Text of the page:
Hugh’s 5th point, though “there really is no need for needs analysis” requires some comment as it is central to what I understand by ESP and EAP.
I have spent most of my life teaching ESP & EAP and in talks that I have given and courses that I have run, I’ve always given three strong reasons for teaching ESP or ESAP as opposed to general English or EGAP. The first is linguistic – different subjects use different language. There is a large amount of research evidence for this – see, for example, Hyland (2011, 2012). The second is to do with knowledge transfer: the nearer you can get to the student’s ultimate reason for learning English, the more likely it will be that the student will be able to make use of what you are teaching in the new context (see, for example, Dias, Freedman, Medway & Paré, 1999; Willingham, 2007; James, 2014). The third is motivation. This is something that everyone seems to agree with – that students will be more motivated when the English course is directly related to their main subject course or professional needs – so I’ve never felt the need to justify it. Students do not see the learning of a subject separately from the learning of the language of that subject: Learning the content of a subject means learning the language of that subject. As Ushioda (1998) points out:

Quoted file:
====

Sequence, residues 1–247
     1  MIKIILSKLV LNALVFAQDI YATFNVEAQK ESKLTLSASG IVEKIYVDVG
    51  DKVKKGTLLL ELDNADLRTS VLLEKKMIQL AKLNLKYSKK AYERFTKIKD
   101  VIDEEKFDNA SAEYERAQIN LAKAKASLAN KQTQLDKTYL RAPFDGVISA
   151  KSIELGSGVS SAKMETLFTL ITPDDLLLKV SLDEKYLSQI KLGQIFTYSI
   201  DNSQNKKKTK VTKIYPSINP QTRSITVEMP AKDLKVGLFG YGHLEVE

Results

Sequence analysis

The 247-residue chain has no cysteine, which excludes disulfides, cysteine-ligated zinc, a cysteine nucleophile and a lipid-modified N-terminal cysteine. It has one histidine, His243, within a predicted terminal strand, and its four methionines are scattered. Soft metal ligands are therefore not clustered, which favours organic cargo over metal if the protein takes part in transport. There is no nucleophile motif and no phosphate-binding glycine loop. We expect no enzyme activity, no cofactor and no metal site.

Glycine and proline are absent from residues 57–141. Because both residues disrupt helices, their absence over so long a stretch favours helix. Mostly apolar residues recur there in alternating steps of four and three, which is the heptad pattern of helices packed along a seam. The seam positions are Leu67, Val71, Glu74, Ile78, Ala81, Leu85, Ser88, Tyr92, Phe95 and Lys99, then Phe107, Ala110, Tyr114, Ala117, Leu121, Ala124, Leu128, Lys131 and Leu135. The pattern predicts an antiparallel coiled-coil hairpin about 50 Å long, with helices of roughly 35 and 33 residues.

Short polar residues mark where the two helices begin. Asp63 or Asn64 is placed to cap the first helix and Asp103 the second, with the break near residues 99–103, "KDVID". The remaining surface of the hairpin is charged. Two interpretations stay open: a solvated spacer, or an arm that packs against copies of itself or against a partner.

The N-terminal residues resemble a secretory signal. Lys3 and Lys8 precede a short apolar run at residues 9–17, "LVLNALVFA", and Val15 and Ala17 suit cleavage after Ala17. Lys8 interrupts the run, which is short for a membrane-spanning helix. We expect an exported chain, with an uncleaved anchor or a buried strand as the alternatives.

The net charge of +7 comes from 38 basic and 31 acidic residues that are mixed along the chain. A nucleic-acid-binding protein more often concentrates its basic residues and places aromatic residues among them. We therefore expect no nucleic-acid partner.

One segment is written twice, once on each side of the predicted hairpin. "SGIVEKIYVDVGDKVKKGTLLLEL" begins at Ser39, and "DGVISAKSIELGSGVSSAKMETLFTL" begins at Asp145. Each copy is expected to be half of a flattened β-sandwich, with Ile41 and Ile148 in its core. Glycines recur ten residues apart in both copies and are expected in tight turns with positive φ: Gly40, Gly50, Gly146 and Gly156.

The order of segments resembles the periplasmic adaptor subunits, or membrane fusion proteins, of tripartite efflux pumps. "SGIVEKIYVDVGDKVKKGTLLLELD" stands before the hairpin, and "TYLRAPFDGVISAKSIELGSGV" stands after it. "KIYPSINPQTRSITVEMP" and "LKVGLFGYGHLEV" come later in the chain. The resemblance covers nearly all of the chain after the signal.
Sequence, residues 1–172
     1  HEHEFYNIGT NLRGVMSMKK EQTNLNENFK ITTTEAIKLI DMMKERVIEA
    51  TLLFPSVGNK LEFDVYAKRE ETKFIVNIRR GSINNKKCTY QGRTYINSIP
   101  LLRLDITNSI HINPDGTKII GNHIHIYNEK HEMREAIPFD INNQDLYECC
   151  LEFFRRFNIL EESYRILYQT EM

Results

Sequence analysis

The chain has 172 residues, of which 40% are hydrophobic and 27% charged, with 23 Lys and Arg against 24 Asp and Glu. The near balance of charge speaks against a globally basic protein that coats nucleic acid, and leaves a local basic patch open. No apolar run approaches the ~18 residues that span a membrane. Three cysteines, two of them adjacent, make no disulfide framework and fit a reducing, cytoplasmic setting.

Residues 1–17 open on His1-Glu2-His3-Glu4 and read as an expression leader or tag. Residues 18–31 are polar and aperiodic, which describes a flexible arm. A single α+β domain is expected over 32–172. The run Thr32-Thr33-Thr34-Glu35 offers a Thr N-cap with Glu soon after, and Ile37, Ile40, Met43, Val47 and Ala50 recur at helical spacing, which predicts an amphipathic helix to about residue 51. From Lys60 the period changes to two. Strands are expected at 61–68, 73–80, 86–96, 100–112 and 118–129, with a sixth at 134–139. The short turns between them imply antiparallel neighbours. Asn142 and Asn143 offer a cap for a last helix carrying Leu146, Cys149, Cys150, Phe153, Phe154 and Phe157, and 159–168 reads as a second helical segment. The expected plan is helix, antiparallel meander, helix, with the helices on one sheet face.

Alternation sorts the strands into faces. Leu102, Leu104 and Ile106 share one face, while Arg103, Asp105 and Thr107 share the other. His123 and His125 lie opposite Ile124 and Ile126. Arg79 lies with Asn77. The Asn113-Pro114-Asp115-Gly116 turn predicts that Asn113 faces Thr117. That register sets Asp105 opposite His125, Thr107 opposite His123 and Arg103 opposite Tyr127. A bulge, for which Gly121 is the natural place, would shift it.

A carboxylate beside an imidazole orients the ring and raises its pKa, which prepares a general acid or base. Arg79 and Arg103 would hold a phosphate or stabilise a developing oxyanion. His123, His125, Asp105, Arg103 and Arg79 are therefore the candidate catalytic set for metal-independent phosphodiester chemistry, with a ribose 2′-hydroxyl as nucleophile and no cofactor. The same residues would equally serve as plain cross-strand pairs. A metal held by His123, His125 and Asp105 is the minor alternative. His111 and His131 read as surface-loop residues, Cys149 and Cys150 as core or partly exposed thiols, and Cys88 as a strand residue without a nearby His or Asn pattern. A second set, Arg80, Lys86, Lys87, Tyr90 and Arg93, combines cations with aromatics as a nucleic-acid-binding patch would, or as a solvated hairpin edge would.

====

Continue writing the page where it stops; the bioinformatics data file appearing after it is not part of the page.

…the language learner, unlike the researcher, seems unlikely to perceive the motivation for language learning to be wholly independent of the motivation (or lack of motivation) for other areas of learning (p. 83).
I was asked recently by a well-know organisation to do some teacher development work with ESP teachers and I was asked to work on using authentic materials. After a little discussion about exactly what they thought authentic meant – any text produced by native speakers not intended for language teaching – and what wanted me to do, I decided I was not interested in the work and that I needed to investigate the meaning of authenticity in ELT. So in preparation for the BALEAP Professional Issues Meeting (PIM) at the University of Leeds in February next year, I have been thinking about the meaning of authenticity in EAP. The concept has been around for a long time, particularly since the communicative 1970s. Indeed Dick Allwright (1981, p. 173) points out that when working on a pre-sessional course at the University of Lancaster in 1974, he was instructed to “use no materials, published or unpublished, actually conceived or designed as materials for language teaching”. More recently Helen Basturkmen (2010, p. 62) has reminded us of the importance of authenticity in ESP and EAP: “One of the key characteristics of ESP is that teachers and course developers value the use of authentic texts and tasks.” Continue reading
EAP – English for Academic Purposes – refers to the language and associated practices that people need in order to undertake study or work in English medium higher education. The objective of an EAP course, then, is to help these people learn some of the linguistic and cultural – mainly institutional and disciplinary – practices involved in studying or working through the medium of English. Continue reading